In the north-east, where visible exports come to about £30.2 million a day, about 80 delegates went to the Newcastle Racecourse to hear Kevin Tokell, RBS international trade director for the region, say: “We provide expert advice and practical help in the form of trade finance, cash management services and extensive on-the-ground support in Asia to many businesses in the north-east, and the UK as a whole, that trade in the region”.

A further 132 delegates at Barcelo Hinckley Island Hotel heard that East Midlands’ exports are worth about £38.9 million a day.

Peter Hogarth, international trade director at UKTI East Midlands, said: “Asia represents a very exciting opportunity for businesses in the East Midlands, and we can provide them with a unique range of services to help them succeed there. Asia is enjoying strong economic growth and British business needs to ensure that it is capitalising on this as much as possible”.

Four more events are planned for mid-February in London and across the UK. For information:

The Asia Task Force Partners

During 2010-11, the RBS Group and UKTI will partner to promote UK business opportunities in 12 Asian markets.

The RBS Group is a global banking and financial-services firm that operates in the UK, continental Europe, the Americas and Asia, serving more than 40m customers. The Group provides a wide range of products and services to personal, commercial and large corporate and institutional customers through its two principal subsidiaries, The Royal Bank of Scotland and NatWest, as well as through a number of other well-known brands including, Citizens, Ulster Bank, Coutts, Direct Line and Churchill.

The RBS Group offers transaction services in ten Asia Pacific countries, delivering cash, trade and supply-chain products and services to corporations and financial insti-tutions in multiple currencies across multiple time zones. The Group’s transaction banking business in the region employs over 500 staff and services more than 75,000 accounts. Its client service is rated one of the best in Asia.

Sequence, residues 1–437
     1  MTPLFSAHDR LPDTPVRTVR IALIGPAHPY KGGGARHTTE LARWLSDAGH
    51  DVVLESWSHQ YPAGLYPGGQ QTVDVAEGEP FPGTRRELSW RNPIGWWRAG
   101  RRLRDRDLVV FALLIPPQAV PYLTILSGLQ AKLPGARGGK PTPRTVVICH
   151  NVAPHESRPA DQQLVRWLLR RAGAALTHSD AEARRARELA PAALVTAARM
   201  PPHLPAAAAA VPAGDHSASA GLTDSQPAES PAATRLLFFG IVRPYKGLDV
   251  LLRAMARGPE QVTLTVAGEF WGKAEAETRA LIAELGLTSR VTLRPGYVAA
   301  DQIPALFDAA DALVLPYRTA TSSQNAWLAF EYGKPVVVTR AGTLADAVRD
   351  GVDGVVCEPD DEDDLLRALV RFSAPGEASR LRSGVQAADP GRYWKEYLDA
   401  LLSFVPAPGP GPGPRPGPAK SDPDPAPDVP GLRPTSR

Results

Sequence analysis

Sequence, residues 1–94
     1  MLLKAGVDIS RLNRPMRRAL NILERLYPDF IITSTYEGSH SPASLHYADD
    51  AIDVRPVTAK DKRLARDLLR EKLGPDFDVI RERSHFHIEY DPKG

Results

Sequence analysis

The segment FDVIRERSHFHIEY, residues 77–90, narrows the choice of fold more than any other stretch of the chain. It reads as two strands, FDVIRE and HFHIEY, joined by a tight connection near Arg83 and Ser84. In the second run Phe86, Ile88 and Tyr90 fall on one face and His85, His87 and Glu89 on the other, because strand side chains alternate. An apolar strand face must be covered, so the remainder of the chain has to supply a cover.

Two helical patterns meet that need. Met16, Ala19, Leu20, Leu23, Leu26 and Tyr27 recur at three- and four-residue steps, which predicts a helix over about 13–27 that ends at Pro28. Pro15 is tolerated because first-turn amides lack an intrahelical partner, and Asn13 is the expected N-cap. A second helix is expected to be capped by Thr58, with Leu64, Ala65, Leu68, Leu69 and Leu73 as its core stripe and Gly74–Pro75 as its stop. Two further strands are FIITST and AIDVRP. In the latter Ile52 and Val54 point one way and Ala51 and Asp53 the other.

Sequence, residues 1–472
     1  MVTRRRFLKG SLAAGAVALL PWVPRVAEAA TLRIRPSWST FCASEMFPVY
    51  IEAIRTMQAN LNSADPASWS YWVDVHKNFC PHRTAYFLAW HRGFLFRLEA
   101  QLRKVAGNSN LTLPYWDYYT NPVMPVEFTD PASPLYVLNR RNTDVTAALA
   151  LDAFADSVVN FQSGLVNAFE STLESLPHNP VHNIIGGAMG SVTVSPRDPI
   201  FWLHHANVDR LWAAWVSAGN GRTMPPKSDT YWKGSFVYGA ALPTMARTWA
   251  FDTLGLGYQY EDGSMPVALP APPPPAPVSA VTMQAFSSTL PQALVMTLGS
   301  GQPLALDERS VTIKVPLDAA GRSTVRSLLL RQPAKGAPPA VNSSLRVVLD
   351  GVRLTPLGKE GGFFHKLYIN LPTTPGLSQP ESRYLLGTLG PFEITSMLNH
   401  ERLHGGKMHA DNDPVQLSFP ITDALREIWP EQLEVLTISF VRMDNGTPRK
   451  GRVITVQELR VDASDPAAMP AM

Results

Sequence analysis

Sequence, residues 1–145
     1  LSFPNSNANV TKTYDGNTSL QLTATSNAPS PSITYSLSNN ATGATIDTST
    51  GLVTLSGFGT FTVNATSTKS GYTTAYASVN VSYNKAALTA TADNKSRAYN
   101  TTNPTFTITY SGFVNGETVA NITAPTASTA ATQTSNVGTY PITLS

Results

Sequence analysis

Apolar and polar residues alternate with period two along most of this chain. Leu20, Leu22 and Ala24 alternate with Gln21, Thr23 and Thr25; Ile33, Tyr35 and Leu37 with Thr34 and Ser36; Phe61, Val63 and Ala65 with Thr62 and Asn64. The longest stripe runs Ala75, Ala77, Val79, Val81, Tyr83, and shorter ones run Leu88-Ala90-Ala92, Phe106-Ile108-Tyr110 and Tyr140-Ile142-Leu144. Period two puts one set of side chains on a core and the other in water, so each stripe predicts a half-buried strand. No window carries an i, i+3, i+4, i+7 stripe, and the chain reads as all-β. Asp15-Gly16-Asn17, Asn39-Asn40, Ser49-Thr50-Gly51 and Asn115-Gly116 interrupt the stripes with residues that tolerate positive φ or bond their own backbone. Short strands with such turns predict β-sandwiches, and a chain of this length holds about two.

UKTI is the government organisation that helps UK-based firms succeed in the global economy. It also helps overseas firms bring their high-quality investments to the UK’s dynamic economy — acknowledged as Europe’s best place from which to succeed in global business. UKTI offers expertise and contacts through its extensive network of specialists in the UK, and in British embassies and other diplomatic offices around the world. We provide firms with the tools they require to be competitive on the world stage.

Tax break for foreign firms?

Reports said in October that the government could lower the corporate tax rate for foreign firms investing in Japan by between 10 and 15 percentage points over five years, starting in 2011.

In June 2010, the government had identified encouraging foreign business as a preferred issue in its new growth strategy. For foreign firms that establish a regional base or R&D center, the tax rate could be reduced to 25-30%, about the same as in China, South Korea and other Asian countries.

The incentive would be aimed at high-tech, medical, biotechnology and other technologically advanced industries. The government and opposition parties had already discussed lowering the corporate tax rate for all firms by 5%.